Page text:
The Netflix series is the creation of Louis Leterrier , who directed the 2013 heist thriller Now You See Me, in which a band of magicians pull off ingenious robberies. So it’s easy to see why he might be drawn to this project. Per the official premise: “As a teenager, Assane Diop’s life was turned upside down when his father died after being accused of a crime he didn’t commit. 25 years later, Assane will use Arsène Lupin, Gentleman Burglar as his inspiration to avenge his father.”

“We’re gonna steal it”

The trailer opens with a voiceover by Diop, explaining that he works as a janitor at the Louvre, surrounded by artwork worth millions. Currently on exhibit is a jeweled necklace that once belonged to Marie Antoinette, in advance of a public auction to sell the piece to the highest bidder. (I’m guessing this particular plot line is based on the Lupin short story “The Queen’s Necklace.”) “We’re gonna steal it,” he tells his partners in crime. “Go in as janitors, come out millionaires.” While his cronies are pulling the actual heist, Diop disguises himself as a wealthy potential buyer and crashes the auction.

The Louvre heist is personal. Diop’s father was unjustly accused of stealing Marie Antoinette’s necklace from the wealthy Pellegrini family, for whom he worked as a chauffeur. Diop is out for revenge. We learn that Diop’s father gave him copy of Leblanc’s Arsène Lupin, Gentleman Burglar as a child, and he passes that copy down to his own son. We also meet a police detective—clearly modeled on Ganimard—who is also a Lupin uber-fan, and he notices the similarities between Diop’s work and the fictional gentleman burglar (“the method, the panache, the style, the talent!”). His partner is unimpressed: “What’s next? D’Artagnan and the Three Little Pigs?”

All in all, the series looks enticing, although it’s a shame the trailer is dubbed. Lupin debuts on Netflix on January 8, 2021.

Listing image by Netflix

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Fortnite’s Nexus War event could expose Twitch streamers to DMCA problems

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Enlarge / Luckily you can’t hear this image—it might result in a DMCA strike if you could.

Epic Games

Epic Games and Twitch are warning streamers who broadcast during Fortnite‘s season-ending Marvel-crossover “Nexus War” event last night that they may need to delete their VOD clips to avoid the risk of DMCA copyright strikes.

The event, which saw players take on the world-eating Galactus in a ten-minute battle, featured AC/DC’s Demon Fire as a licensed background song during a portion set in the game’s iconic Battle Bus. Thus, shortly before the event started, the official Fortnite Status Twitter account warned Twitch streamers that “we cannot prevent your VOD/clip content from getting flagged by the platform’s copyright detection systems. The general recommendation is to either mute your VoDs or turn off VODs/clips entirely to protect yourselves against any kind of claims or strikes as best as possible.”

Shortly after the event, Twitch Support tweeted out a similar warning, telling users who streamed unmuted sound from the game that they may “want to be cautious about DMCA risk from the music in that event” and “consider exporting/downloading and then deleting any related VODs or Clips.”

A bit more than 130,000 Twitch channels were streaming Fortnite at its peak Tuesday night, reaching nearly 1.6 million viewers, according to stats gathered by TwitchTracker. That’s way up from peak streaming between 10,000 and 15,000 accounts and peak viewership between 200,000 and 300,000 throughout November.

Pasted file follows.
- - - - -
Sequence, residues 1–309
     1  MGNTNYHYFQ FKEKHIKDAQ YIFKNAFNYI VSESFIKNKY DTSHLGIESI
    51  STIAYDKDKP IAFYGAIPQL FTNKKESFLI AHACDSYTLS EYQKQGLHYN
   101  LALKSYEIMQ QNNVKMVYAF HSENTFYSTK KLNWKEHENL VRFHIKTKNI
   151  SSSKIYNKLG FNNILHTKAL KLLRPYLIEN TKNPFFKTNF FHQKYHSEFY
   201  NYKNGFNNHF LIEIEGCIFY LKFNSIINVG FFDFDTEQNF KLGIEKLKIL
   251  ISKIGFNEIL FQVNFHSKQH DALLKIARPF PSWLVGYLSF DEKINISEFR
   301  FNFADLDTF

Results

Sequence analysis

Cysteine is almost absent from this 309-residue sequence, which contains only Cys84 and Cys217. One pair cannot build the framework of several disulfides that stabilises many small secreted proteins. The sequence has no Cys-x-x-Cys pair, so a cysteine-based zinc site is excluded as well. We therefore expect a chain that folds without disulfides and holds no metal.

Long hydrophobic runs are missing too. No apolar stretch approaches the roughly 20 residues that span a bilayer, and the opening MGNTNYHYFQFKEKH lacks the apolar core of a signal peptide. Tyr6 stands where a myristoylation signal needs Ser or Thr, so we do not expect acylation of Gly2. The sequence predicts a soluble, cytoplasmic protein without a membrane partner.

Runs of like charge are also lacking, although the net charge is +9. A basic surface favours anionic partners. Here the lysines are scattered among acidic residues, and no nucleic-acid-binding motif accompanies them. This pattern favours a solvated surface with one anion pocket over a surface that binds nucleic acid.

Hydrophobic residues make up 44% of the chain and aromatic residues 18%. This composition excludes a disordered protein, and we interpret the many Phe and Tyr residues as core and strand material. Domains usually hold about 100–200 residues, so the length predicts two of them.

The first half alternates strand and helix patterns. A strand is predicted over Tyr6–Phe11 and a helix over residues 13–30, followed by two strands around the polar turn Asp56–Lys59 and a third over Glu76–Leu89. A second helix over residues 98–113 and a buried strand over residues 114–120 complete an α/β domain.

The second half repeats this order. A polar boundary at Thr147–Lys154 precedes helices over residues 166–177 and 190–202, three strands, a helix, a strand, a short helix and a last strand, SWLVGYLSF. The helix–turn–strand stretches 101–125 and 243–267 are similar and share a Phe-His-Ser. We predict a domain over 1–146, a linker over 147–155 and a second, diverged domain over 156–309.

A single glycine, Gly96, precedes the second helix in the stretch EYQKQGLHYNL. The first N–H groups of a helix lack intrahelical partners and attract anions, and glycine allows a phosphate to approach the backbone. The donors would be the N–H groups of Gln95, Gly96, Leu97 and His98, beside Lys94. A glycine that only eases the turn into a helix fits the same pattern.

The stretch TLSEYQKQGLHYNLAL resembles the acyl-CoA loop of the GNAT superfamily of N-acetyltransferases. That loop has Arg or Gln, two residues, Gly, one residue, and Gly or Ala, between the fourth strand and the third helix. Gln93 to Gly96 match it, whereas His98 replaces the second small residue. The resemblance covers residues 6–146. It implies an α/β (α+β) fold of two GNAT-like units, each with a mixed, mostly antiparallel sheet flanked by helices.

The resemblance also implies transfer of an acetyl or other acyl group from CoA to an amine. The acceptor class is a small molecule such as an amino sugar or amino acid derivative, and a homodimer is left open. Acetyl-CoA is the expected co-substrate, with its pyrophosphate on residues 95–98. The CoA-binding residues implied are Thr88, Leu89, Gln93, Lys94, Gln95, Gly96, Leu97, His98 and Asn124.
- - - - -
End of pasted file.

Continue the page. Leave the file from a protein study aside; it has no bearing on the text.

A continuing problem

The warnings over the Fortnite event music come weeks after many Twitch users were hit by vague warnings from Twitch that some of their archived VODs would be deleted in a matter of days thanks to DMCA takedown notifications. Rather than specifying which content would be deleted—and giving those streamers their rightful opportunity to file a counter-claim—Twitch unhelpfully recommended that affected users “review your Clips, VODs, and any other content in your Creator Dashboard and delete anything that includes unlicensed copyrighted material. If you are unsure about the contents of your archive, you can delete all of it.”

The Fortnite Nexus War event. The licensed music can be heard around the 6:30 mark.

Last month, Twitch publicly apologized for how it handled that copyright crackdown and for the lack of granular tools available for streamers to manage potentially infringing music content. But the service also warned that users should simply “[not] play recorded music in your stream unless you own all rights in the music, or you have the permission of the necessary rights holder(s). Doing this is the best protection for your streams going forward.”

The Fortnite Status account specifically called out Twitch for a “lack of solutions similar to Lickd,” a reference to the service that lets YouTubers quickly and easily purchase music licenses for their videos. Twitch recently introduced SoundTrack, a library of rights-cleared music that streamers can add to their videos as background music.

But that service doesn’t help with licensed music that might appear in the streamed games themselves, as in the case of this Fortnite event. Those games are often subject to their own EULAs that could place additional restrictions on streaming rights as well.

Twitch says it is “actively speaking with the major record labels about potential approaches to additional licenses that would be appropriate for the Twitch service,” but that those talks are complicated by the fact that “the vast majority of our creators don’t have recorded music as a part of their streams, and the revenue implications to creators of such a deal are substantial.”